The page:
If we go into further detail of the types of Cloud Computing, both Public and Private can be defined as follows:
Infrastructure as a Service (IaaS) cloud computing means you’re buying access to raw computing hardware over the Internet, such as servers or storage. Since you buy what you need and pay-as-you-go, this is often referred to as utility computing. Ordinary web hosting is a simple example of IaaS: you pay a monthly subscription or a per-megabyte/gigabyte fee to have a hosting company serve up files for your website from their servers. Software as a Service (SaaS) means you use a complete application running on someone else’s system. Web-based email and Google Apps are perhaps the best-known examples. Platform as a Service (PaaS) means you develop applications using Web-based tools so they run on systems software and hardware provided by another company. So, for example, you might develop your own ecommerce website but have the whole thing, including the shopping cart, checkout, and payment mechanism running on a merchant’s server.
Lowered Costs – Cloud Computing offers tremendous advantages to small and medium size business in terms of reduced costs. You only pay for what you use, nothing more
- Scalable Storage Options – You can scale your companies storage needs seamlessly rather than having to go out and purchase expensive hardware.
- Automatic Updates – There is no need for IT to worry about paying for future updates in terms of software and hardware.
- Remote Access – Employees can access information wherever they are, rather than having to remain stationary much of the time.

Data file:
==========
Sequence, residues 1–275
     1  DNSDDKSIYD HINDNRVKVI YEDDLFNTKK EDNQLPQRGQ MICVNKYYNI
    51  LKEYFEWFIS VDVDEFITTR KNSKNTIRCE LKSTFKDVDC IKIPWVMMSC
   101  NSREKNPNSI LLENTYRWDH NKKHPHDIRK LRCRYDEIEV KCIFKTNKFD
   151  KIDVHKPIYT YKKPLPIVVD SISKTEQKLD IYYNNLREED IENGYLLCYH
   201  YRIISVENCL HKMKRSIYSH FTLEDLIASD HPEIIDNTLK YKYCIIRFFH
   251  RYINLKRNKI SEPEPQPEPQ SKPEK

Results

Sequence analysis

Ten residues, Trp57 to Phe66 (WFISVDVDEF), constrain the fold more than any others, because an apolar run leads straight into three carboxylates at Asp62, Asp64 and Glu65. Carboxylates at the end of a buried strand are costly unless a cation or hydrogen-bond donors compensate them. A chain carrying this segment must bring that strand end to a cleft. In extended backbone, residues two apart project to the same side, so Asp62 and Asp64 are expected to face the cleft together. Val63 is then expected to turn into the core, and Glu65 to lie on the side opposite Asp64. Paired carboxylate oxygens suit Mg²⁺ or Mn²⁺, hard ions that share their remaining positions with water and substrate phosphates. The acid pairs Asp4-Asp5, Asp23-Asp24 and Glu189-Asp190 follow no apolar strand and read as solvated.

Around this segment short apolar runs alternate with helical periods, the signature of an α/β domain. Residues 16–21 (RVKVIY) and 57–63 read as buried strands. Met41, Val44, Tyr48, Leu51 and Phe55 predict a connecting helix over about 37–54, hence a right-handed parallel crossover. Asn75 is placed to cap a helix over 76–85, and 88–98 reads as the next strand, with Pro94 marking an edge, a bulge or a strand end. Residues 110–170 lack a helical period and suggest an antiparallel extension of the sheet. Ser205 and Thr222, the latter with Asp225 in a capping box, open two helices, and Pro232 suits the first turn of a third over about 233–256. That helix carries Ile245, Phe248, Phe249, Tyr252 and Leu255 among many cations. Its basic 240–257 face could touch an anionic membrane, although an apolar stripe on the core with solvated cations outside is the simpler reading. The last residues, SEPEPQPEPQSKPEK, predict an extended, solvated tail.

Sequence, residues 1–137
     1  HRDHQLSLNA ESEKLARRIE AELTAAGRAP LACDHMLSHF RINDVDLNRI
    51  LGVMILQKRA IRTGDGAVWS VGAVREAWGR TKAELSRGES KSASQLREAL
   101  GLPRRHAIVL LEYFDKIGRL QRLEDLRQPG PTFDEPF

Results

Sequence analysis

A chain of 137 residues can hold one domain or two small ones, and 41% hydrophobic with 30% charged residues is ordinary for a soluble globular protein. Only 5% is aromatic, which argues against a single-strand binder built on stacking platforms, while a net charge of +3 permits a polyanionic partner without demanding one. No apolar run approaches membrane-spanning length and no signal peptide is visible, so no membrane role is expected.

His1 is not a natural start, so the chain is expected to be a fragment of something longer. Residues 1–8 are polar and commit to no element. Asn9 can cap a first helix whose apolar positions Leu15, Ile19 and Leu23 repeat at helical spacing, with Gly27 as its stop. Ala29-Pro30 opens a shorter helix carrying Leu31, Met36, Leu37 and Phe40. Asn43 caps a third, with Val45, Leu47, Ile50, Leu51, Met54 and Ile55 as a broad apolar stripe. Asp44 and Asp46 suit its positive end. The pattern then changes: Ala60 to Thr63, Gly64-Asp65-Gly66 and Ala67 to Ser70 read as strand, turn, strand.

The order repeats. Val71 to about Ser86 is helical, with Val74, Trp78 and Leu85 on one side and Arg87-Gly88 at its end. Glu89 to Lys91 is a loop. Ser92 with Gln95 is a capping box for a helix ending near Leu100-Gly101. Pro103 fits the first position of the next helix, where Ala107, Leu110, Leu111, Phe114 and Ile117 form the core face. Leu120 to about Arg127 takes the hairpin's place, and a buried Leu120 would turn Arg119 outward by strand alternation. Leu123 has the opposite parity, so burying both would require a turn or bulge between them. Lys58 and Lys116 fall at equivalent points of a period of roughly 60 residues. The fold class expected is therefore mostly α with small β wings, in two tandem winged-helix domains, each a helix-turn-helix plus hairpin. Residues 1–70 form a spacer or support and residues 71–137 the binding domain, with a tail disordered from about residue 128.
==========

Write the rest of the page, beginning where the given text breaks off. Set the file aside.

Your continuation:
- Ease of Implementation – Without the need for implementation of hardware and various other components which can take several hours. You can be running your business in almost as much time as it takes to setup a facebook account.
- Response time – Cloud computing accomplishes a better response time in most cases than your standard server hardware.
- Even playing field for small startups – This allows small companies to compete more effectively with some of the larger businesses. This balances the playing field.
- Green Computing – Cloud Computing uses less energy than traditional data centers which is important to many in this day and age.
- Performance and Durability – Run your websites and saas applications at a much faster rate with the benefits of using a much more durable service.
- Greater dependency on service providers. Can you get problems resolved quickly, even with SLAs?
- Risk of being locked into proprietary or vendor-recommended systems? How easily can you migrate to another system or service provider if you need to?
- What happens if your supplier suddenly decides to stop supporting a product or system you’ve come to depend on?
- Potential privacy and security risks of putting valuable data on someone else’s system in an unknown location?
- Higher ongoing operating costs. Could they work out more expensive?
- If internet access is down does that mean your business cannot function?
So in summary if you think cloud computing could be of benefit for your company these are some things to consider;
- Ensure you choose the right provider, Consider areas such as the range of services and applications they can provide, their service level agreements in terms of guaranteeing availability, and their provision of on-going support for their solutions. Other areas to consider would be minimum contract terms, the ability to easily scale up and down in terms of the services.
- Select the right Services / Applications, there are literally thousands of cloud based applications and services to choose from. Most can be customised but there will almost certainly some restrictions and some will also be bundled with packages that just aren’t required and can cause confusion.
- Prepare your company and your staff for the transition. As with any technological migration preparation and education are key to it’s success. Many Cloud Computing providers offer support and user training to ensure you and your staff are getting the best experience and utilising the full potential of their service.
- Choose how and where cloud computing will fit into your business, your chosen provider will assist you with this but don’t assume that because you’re replacing all your in house systems it will transform your business, migrate only to those services which can add real value to your business.